Consumer Health Digest #04-40

Your Weekly Update of News and Reviews
October 5, 2004

Consumer Health Digest is a free weekly e-mail newsletter edited by Stephen Barrett, M.D., and cosponsored by NCAHF and Quackwatch. It summarizes scientific reports; legislative developments; enforcement actions; news reports; Web site evaluations; recommended and nonrecommended books; and other information relevant to consumer protection and consumer

Educational statistics exaggerate autism rates. James R. Laidler, M.D., who operates Autism Watch, has concluded that educational assessments are a significant factor in the apparent rise in autism rates. Since 1992, in response to the federal Individuals with Disabilities Education Act (IDEA), school districts have been "assessing" children to determine eligibility for special educational assistance. However, the educational criteria tend to be less stringent than those used for the medical diagnosis of autism. Most states follow the diagnostic guidelines in the American Psychiatric Association's Diagnostic and Statistical Manual (4th edition), but others use guidelines that are very different. These educational "diagnoses" are tabulated the U.S. Department of Education. However, because many of the children assessed as autistic by the schools do not meet the medical criteria for autism, educational assessment data overstate the prevalence of autism in the United States. [Laidler JR. How "educational assessments" skew autism prevalence rates. Autism Watch, Sept 15, 2004]

SEC halts cancer investment scheme. The U.S. Securities and Exchange Commission has obtained a temporary restraining order to stop the selling of stock in a bogus biotechnology company that was claimed to be developing a blockbuster cancer drug. The action was taken against Vince Dory, Joshua Adams, and four entities with which they are affiliated: Global Health, Global Clearing, Global Strategies and Goldman Quintero & Associates. The Commission charged that, since early 2003, the defendants had falsely represented that Global Health had developed a cancer treatment that was on the verge of FDA approval and subsequently obtained it. To convince prospective investors, the defendants disseminated letters on an FDA letterhead which stated that Global Health's cancer treatment had been approved by the FDA and could soon be marketed. The complaint alleges that the FDA letters were forgeries and that no Global Health product is undergoing the FDA's approval process. [Court enters order halting ongoing securities fraud involving purported manufacturer of cancer drug. SEC Litigation Release No. 18881, September 10, 2004] Many of the investors were elderly.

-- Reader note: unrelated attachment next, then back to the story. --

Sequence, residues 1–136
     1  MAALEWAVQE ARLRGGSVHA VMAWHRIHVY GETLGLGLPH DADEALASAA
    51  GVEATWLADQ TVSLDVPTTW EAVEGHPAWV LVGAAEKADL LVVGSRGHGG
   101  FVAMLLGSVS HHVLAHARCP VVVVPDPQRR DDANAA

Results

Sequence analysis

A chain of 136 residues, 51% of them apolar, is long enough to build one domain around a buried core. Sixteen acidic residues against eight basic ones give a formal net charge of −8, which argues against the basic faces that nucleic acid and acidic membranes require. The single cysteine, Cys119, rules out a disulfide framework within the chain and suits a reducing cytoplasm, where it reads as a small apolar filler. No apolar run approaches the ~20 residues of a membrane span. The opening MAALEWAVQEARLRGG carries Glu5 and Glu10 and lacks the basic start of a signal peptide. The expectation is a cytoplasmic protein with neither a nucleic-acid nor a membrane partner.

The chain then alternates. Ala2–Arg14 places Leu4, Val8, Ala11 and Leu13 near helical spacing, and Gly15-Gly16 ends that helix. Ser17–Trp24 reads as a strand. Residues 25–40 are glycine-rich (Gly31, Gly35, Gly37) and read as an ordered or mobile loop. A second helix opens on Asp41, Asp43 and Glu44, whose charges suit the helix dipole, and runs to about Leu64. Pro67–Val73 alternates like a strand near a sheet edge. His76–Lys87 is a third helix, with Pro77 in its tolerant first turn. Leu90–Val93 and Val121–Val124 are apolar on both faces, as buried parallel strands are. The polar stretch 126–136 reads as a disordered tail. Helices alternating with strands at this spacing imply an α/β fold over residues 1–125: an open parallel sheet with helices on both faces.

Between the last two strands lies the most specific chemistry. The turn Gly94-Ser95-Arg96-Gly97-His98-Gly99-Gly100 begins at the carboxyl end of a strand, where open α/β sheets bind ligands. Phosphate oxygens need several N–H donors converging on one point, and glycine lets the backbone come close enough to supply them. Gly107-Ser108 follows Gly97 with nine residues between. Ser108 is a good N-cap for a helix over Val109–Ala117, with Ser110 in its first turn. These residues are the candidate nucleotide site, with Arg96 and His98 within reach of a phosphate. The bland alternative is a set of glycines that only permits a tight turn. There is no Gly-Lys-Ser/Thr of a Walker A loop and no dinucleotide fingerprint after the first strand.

Homeopathic products get special airport security exemption. Since February 2004, as part of its efforts to "treat passengers with dignity" while protecting against terrorists, the U.S. Transportation Security Administration (TSA) has permitted passengers who fear that their medication will be damaged by x-ray screening to request that it be inspected visually instead. The policy was set in response to an inquiry by U.S. Senator John Ensign (R-NV) who had written on behalf of several constituents. Ensign, who holds a degree in veterinary medicine, is chairman of the Republican Party's High Tech Task Force, which was established to serve as a "portal for the technology community, where their issues will be heard, addressed, and disseminated among other members of the United States Senate." Ensign's inquiry was sent on behalf of F. Fuller Royal, M.D., who runs the Nevada Clinic (Las Vegas, Nevada) and is president of the Nevada's Board of Homeopathic Medical Examiners. Because homeopathic remedies have no therapeutic value to begin with, there's no logical reason to worry that their "potency" will decrease. Presumably. the government officials who set the new policy realized this but thought that it probably would be more efficient to accommodate Royal's patients than to spend more time dealing with their concerns. [Barrett S. Airport security screening of homeopathic "medicines." Homeowatch, Sept 29, 2004]

Indian remedy can clash with prescription drugs. Researchers at the University of Kansas have concluded that guggulsterone, the active ingredient in the Indian herbal guggulipid, may interfere with many prescription products, including popular anti-cholesterol drugs. In a laboratory study of liver cells, they found that guggulsterone induces changes in certain cells that help the body break down certain drugs. Thus it has the potential to raise blood levels of these drugs and produce toxic reactions. [Brobst DE and others. Guggulsterone activates multiple nuclear receptors and induces CYP3A gene expression through the pregnane X receptor. Journal of Pharmacology and Experimental Therapeutics 310:528-535, 2004] Last year, another research team reported that eight weeks of treatment with standardized guggul extract (2.5% guggulsterones) did not improve levels of serum cholesterol and might raise levels of LDL-cholesterol. The guggulipid probably also caused a skin rash in some patients. The study involved 103 adults with high blood cholesterol levels who took 1000 mg or 2000 mg of guggulipid or a matching placebo three times a day. [Szapary PO and others. Guggulipid for the treatment of hypercholesterolemia: A randomized controlled trial. JAMA 290:765-772, 2003]

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This page was posted on October 5, 2004.